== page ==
Friday, 11 July 2014

Passion, Rebellion & Discovery

EDGE Author Sara Grant
shares why she writes teen books

"It was the best of times, it was the worst of times."

Charles Dickens could have been talking about my high school experience.

A page from my senior yearbook.
Gotta love the 80s!
I don’t write teen fiction because I long to return to the ‘glory days’ of my youth. In many ways my teen years were the toughest – a bizarre mix of hope for my future oddly twisted with angst and despair. I was sure I could change the world if it didn’t steamroll me first. I experienced the thrill of a crush and the devastation of rejection. My first love. First kiss. First heartbreak. First failures. First success.

So why do I write teen fiction?

I write for this age range because the teen years are a time of rebellion and discovery. You are figuring it all out, asking big questions and challenging anything and everything.

For me, writing has always been about imagination and exploration. I wrote poetry when I was a teen to uncover what I was thinking and feeling. (I can still quote a few stanzas from my poems titled Tomorrow Never Comes and Unrequited Love. Those may not have been from my happiest days.) Now I write stories with an undercurrent of the issues I want to explore. Just like when I was a teen, I write not because I have the answers but because I’m interested in the questions.

My visit to Haslett (Michigan) High School.
Some of my favourite books are the ones I read as a teenager. Those books helped me discover the world and challenged my thinking. I cherish those first experiences of finding myself and losing myself in a story. One of the pleasures of being a published writer of teen fiction is being on the other side of that reading experience. Teen readers love or hate your book and aren’t afraid to tell you. I enjoy getting emails from teen readers: ‘your book changed my life’, ‘I’m your number one biggest fan’. And there’s the dark side of teen reviews: ‘words cannot express how much I loathed this book’. Wow! At least I’ve inspired passion.

I love writing for teens and I also love working with teen writers. It’s such a privilege to visit schools and libraries. All writers know the thrill of crafting a good story, but I’ve discovered an even bigger high – helping a young writer find his or her voice and discovering the power of storytelling.

Dave Cousins and I at Hemel Hempstead Library.
Whenever I’m asked the question, why do you write for teens? (Or the more dreaded question: Will you ever write grown-up fiction?) I suppose I wonder why -- when there’s so much passion, rebellion and discovery in teen fiction -- why would I write anything else?

For more about Sara and her books, visit her website at or follow her on Twitter @AuthorSaraGrant

Friday, 4 July 2014


Young Adult author, Paula Rawsthorne is delighted to read how our librarians make a difference to the lives of young people.

Yesterday a comment appeared on The Edge website and I felt compelled to write about it.  The comment was left by Dominic in response to a Q&A post with school librarian, Ingrid Broomfield.  The original post was part of our ‘Salute to Librarians’ series. Read the post 

 Dominic’s comment

‘I would just like to say thank you for the time you spent at John Port School. As a student who frequented the library during your last few years there you really made that place feel like a second home. You kept my love of reading alive and it is thanks to you that I found two of my favourite authors (Anne McAffrey and David Eddings!). The shared disappointment on the school trip to see Eragon and the surprise at seeing the books I mentioned appear on the shelves are things I still think of every time I walk past the library (I have come back to JP to work as a Teaching Assistant). I hope you are doing well and that you continue to enjoy your work as a librarian and I am sure you are making a difference, because you did with me.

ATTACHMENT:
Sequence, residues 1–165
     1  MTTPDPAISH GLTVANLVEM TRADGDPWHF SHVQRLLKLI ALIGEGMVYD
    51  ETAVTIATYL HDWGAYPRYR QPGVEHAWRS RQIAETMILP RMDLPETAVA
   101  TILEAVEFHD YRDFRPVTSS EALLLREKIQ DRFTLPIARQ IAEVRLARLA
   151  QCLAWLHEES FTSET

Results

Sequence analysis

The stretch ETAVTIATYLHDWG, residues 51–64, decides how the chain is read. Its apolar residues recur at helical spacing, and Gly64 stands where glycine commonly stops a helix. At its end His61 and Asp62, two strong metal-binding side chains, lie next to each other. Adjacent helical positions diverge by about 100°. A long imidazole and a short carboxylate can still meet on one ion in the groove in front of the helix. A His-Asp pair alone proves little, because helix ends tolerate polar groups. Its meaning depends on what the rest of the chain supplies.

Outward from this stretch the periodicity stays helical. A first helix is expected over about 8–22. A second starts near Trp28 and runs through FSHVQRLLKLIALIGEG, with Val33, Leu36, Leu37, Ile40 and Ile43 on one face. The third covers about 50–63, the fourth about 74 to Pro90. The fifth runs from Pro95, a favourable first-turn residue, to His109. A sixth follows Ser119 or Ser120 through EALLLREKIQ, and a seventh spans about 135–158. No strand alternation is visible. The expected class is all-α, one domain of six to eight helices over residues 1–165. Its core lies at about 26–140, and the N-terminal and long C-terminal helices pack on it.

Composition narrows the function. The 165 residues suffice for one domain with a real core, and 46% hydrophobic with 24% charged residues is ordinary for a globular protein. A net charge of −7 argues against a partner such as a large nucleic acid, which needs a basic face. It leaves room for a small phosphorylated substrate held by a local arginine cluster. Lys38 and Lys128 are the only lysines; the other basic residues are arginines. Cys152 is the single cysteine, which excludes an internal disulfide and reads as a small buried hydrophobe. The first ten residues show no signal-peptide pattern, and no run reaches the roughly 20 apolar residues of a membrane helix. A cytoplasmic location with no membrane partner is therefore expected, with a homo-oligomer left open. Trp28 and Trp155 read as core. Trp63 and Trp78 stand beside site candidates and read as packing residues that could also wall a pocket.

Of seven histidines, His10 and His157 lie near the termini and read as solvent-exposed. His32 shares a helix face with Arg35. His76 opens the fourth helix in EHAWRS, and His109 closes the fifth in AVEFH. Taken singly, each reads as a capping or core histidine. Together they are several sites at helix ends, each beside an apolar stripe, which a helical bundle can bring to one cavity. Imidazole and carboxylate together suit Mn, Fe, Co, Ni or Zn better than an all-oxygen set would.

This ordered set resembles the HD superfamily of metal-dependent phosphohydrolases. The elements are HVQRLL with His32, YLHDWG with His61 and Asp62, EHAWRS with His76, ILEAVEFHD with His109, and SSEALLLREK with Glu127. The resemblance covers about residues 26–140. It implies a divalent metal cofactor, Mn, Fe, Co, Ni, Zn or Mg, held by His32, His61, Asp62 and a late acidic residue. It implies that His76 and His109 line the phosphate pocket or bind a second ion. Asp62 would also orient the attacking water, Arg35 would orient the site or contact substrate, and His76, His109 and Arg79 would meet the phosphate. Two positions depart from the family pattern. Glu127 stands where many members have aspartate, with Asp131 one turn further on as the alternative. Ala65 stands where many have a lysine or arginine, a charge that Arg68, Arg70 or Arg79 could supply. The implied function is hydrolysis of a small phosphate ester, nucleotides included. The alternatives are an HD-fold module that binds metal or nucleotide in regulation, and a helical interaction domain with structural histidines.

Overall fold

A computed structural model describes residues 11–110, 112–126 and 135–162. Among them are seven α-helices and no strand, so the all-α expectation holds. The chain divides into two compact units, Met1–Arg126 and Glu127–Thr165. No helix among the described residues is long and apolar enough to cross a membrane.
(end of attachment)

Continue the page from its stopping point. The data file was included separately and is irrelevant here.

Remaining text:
Thank you,

Ingrid (like all our featured librarians) has dedicated years of her life to instilling a passion for reading in young people.  Dominic’s comments are a timely reminder of the impact that a good librarian can have on children and shows how that impact that can last into their adult lives.  It’s a reminder of how invaluable it is to have qualified librarians in our schools, working in libraries that are appealing, welcoming places and that convey the message that books are enjoyable, life enhancing and for everyone!

I know that they’ll be many more ex pupils throughout the UK who have their school librarians to thank for finding them the perfect story when they insisted that ‘books are boring’, for offering them a place they felt at ease and for passing on their love of books.  So many writers have strong, fond memories of their school and community libraries (read Savita Kalhan’s ‘A People’s Palace In Every Town’ post )   The access to free books for all and the guidance of a good librarian has helped mould many children into readers (and writers).


When librarians have devoted years of their lives to a profession which is increasingly under threat (in schools and in the community) it’s gratifying to read Dominic’s confirmation of how vital their role is in young people’s lives.  (Here’s my  post ‘Taking Issue’ about the importance of school libraries.)

It would be great to take this opportunity to Big Up any librarians out there who’ve made a difference to us at any stage in our lives.

I’d like to get the ball rolling by thanking all the great school librarians I work with when I do author visits.  Their enthusiasm to get students reading is inspiring. 

 If you’d like to thank any librarians please leave a comment below.

Paula Rawsthorne is an award winning author of YA thrillers 'The Truth About Celia Frost' and 'Blood Tracks' (published by Usborne) You can follow her on  FB- @PaulaRawsthorneAuthor and Twitter @PaulaRawsthorne